Colorado Freedom of Information Coalition president Steve Zansberg and Denver Post investigative reporter David Migoya are co-recipients of this year’s First Amendment Award from the Society of Professional Journalists’ Colorado Pro Chapter for work that prompted a new statewide standard for sealing and suppressing criminal court records.
“It’s not easy to get a state law changed. It’s even harder, I believe, to get the Colorado Supreme Court to change rules affecting every criminal court in the state,” said the nomination letter submitted by CFOIC’s executive director, Jeff Roberts.
Rule 55.1, when it goes into effect May 10, will require criminal courts in Colorado to publicly docket motions limiting access to court files and any hearings convened to consider such motions. Even more significant: A judge’s written order justifying the suppression of criminal court records must be made public. A judge will have to show that making the records inaccessible serves a “substantial” interest that outweighs the public interest.
Until now, judges in Colorado have not had to publicly explain their reasoning when deciding to keep criminal court records — and sometimes entire cases — under wraps. And the lack of a judicial rule forced each trial judge to determine the legal principle to apply whenever there were disputes over public access.
A high-profile example: In early 2018, when The Colorado Independent fought to unseal records on the prosecution of Sir Mario Owens (who was on death row at the time), the judge issued a terse order that failed to articulate any legal standard applied by the court to keep the records secret. The judge offered no insight into how he weighed undisclosed “countervailing considerations” of the district attorney against the news organization’s “legitimate interest” in investigating alleged government misconduct.
Later in 2018, “Shrouded Justice,” a series of Denver Post stories by Migoya, shed much more light on this problem of judicial secrecy, documenting more than 6,000 Colorado court cases that had been hidden from public view because of judges’ orders to suppress them, often with no ruling to explain their reasoning.
“Someone could be arrested, charged, convicted and sent to prison in Colorado without anyone seeing why, how or where, and whether the process was fair,” Migoya’s stories concluded.
From The Post’s editorial page: “A frightening black hole of judicial secrecy exists in Colorado. If not for an experienced investigative journalist given the time and resources to chase the story — not just a sound bite — it might never have come to light.”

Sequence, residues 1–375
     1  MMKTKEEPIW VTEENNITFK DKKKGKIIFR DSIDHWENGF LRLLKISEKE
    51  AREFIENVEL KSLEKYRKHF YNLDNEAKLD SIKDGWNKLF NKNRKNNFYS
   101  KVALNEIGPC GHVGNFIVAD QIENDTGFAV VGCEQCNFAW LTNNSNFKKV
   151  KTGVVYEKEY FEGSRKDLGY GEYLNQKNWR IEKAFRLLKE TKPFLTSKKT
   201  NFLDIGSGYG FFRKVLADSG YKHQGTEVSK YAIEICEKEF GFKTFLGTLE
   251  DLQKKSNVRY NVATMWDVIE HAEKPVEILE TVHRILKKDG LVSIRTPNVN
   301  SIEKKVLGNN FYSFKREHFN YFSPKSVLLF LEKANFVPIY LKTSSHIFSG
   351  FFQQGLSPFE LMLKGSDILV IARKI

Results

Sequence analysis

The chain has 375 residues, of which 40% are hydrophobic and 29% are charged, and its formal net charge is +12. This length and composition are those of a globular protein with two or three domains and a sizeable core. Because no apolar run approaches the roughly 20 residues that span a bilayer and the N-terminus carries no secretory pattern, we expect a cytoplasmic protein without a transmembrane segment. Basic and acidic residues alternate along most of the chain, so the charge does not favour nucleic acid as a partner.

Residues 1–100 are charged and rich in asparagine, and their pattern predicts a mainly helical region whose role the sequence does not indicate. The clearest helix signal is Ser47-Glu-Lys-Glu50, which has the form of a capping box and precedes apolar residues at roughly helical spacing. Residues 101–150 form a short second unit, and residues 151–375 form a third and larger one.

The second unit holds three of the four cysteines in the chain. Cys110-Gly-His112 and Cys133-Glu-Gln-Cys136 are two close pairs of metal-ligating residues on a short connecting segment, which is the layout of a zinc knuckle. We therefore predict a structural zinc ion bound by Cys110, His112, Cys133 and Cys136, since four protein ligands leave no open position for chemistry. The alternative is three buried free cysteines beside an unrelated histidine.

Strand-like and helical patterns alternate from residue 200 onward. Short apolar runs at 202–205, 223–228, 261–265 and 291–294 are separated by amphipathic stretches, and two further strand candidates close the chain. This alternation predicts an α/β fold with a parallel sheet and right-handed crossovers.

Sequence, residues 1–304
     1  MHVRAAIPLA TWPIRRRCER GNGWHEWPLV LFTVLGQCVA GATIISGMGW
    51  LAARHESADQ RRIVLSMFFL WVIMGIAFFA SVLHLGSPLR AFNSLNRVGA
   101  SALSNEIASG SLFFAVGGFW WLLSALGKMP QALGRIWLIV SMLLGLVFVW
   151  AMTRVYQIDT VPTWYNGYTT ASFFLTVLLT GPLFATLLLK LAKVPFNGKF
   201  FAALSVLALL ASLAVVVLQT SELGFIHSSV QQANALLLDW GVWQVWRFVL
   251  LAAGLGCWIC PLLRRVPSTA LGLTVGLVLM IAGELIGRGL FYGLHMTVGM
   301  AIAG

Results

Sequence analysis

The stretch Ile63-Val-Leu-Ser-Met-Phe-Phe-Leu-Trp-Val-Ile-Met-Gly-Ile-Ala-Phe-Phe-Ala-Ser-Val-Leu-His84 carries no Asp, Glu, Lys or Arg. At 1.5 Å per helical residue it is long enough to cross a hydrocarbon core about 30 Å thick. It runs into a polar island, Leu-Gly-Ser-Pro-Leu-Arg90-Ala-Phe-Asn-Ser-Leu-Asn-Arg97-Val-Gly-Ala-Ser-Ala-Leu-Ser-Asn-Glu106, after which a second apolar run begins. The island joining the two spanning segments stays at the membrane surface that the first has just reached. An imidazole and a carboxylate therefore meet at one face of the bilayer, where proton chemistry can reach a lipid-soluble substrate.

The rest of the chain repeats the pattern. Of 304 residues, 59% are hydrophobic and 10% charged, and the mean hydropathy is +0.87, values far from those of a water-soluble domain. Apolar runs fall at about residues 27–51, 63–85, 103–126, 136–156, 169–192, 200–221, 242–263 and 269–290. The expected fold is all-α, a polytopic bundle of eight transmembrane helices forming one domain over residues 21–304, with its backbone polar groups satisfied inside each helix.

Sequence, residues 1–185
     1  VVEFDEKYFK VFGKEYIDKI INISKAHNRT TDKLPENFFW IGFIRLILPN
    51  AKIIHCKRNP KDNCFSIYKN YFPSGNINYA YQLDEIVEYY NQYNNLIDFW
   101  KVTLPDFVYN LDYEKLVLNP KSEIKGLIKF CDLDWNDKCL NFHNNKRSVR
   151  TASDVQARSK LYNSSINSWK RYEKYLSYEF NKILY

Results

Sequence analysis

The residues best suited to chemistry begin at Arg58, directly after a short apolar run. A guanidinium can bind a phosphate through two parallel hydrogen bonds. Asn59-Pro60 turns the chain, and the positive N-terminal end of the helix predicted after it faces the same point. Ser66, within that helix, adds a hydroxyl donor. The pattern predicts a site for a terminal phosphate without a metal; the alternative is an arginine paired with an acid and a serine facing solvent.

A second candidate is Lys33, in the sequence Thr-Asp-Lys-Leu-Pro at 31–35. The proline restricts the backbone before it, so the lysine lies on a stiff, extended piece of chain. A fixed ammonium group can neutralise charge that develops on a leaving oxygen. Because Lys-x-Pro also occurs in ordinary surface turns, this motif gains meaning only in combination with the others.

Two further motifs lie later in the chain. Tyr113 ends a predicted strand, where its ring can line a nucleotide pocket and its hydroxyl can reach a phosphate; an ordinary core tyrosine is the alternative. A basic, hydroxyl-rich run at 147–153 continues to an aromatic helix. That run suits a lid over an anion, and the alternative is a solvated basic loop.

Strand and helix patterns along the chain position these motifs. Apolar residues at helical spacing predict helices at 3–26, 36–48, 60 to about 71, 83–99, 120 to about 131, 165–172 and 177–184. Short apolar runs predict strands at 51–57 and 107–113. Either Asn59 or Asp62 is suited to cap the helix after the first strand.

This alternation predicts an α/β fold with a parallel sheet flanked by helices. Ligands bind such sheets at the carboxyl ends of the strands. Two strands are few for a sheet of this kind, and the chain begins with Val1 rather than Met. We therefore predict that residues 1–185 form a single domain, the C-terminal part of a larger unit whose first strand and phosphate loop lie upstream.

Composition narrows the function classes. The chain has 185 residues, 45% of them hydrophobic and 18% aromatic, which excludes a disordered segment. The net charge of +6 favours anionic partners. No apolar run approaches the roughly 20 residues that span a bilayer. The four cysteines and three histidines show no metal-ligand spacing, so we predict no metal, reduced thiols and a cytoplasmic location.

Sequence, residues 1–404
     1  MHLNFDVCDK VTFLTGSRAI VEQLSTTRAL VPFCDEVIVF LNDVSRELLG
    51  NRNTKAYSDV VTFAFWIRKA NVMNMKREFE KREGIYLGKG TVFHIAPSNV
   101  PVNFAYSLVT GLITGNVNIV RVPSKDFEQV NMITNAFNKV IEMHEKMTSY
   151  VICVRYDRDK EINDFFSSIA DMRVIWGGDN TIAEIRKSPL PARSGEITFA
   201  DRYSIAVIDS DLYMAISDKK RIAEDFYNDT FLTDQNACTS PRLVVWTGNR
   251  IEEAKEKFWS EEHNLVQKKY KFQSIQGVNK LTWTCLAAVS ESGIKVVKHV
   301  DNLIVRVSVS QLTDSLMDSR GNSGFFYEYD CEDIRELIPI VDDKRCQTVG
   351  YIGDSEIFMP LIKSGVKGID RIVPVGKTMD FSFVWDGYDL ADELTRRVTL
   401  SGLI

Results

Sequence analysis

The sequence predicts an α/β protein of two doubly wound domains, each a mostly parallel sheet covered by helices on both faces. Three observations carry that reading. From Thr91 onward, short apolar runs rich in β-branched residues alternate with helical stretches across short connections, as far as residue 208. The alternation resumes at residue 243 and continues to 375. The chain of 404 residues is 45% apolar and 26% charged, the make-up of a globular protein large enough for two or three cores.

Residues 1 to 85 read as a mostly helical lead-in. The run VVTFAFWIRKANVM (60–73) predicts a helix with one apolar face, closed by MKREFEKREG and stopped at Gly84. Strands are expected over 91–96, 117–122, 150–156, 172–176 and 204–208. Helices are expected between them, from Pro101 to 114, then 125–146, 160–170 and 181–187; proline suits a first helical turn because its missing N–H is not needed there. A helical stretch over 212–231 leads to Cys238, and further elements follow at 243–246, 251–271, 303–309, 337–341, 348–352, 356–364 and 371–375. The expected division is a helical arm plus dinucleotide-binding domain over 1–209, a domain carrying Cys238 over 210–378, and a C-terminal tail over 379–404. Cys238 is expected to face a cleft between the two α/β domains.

Two years earlier, in November 2016, Zansberg tried to address this issue of judicial secrecy by proposing a uniform standard for the sealing of court files in criminal cases. As CFOIC’s president, the Denver-based media and First Amendment lawyer wrote a letter to the Colorado Supreme Court’s Rules of Criminal Procedure Committee, urging the adoption of a rule modeled after the American Bar Association’s Standard of Criminal Justice, Fair Trial and Public Disclosure Rule.
More than a year passed before Zansberg received a disappointing short note from Court of Appeals Judge John Dailey stating that the committee had denied his request because existing rules “adequately addressed” sealing and suppression matters. Just a month later, however, the judicial branch’s Public Access Committee invited Zansberg to testify and the proposal had new life.
Migoya’s revealing stories, meanwhile, injected a greater sense of urgency into the process. “The issue comes back to haunt us, so to speak, when … we discover there are scads of cases out there of which information is being closed off to the public — information about entire case files — for an indefinite period of time, with little or no justification given for closing off these files,” Dailey later acknowledged.
Zansberg testified again, this time before the criminal rules committee that initially rejected his idea. Then, in May 2020, he submitted written comments on a proposed rule to the Colorado Supreme Court on behalf of CFOIC, the Colorado Press Association and the Colorado Broadcasters Association. Last October, Zansberg formally addressed the justices on the proposed rule during a public hearing.
The final version of the rule “was substantially written within the Court as a result of the public comments, particularly by Mr. Zansberg on behalf of the press,” then-Chief Justice Nathan Coats told members of the legislature’s Joint Budget Committee.
“Because Zansberg persisted in his quest for a statewide sealing and suppression rule, and because Migoya’s news stories clearly demonstrated the need for such a rule, the Colorado Supreme Court was moved to promulgate a rule that will govern public access to criminal court records going forward,” says Roberts’ nomination letter.
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